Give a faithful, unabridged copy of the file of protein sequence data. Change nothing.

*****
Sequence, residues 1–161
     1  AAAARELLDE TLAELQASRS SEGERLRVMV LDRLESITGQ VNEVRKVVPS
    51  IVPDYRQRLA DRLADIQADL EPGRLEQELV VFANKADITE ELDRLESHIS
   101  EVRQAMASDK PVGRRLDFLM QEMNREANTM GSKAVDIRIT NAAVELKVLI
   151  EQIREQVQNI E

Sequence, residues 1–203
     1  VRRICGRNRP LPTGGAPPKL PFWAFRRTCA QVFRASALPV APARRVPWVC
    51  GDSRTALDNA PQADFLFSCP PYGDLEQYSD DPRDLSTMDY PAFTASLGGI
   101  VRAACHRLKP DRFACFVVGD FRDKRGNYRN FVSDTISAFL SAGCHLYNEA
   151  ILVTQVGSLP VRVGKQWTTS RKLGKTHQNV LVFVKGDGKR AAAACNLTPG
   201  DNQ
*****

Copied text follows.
Sequence, residues 1–161
     1  AAAARELLDE TLAELQASRS SEGERLRVMV LDRLESITGQ VNEVRKVVPS
    51  IVPDYRQRLA DRLADIQADL EPGRLEQELV VFANKADITE ELDRLESHIS
   101  EVRQAMASDK PVGRRLDFLM QEMNREANTM GSKAVDIRIT NAAVELKVLI
   151  EQIREQVQNI E

Sequence, residues 1–203
     1  VRRICGRNRP LPTGGAPPKL PFWAFRRTCA QVFRASALPV APARRVPWVC
    51  GDSRTALDNA PQADFLFSCP PYGDLEQYSD DPRDLSTMDY PAFTASLGGI
   101  VRAACHRLKP DRFACFVVGD FRDKRGNYRN FVSDTISAFL SAGCHLYNEA
   151  ILVTQVGSLP VRVGKQWTTS RKLGKTHQNV LVFVKGDGKR AAAACNLTPG
   201  DNQ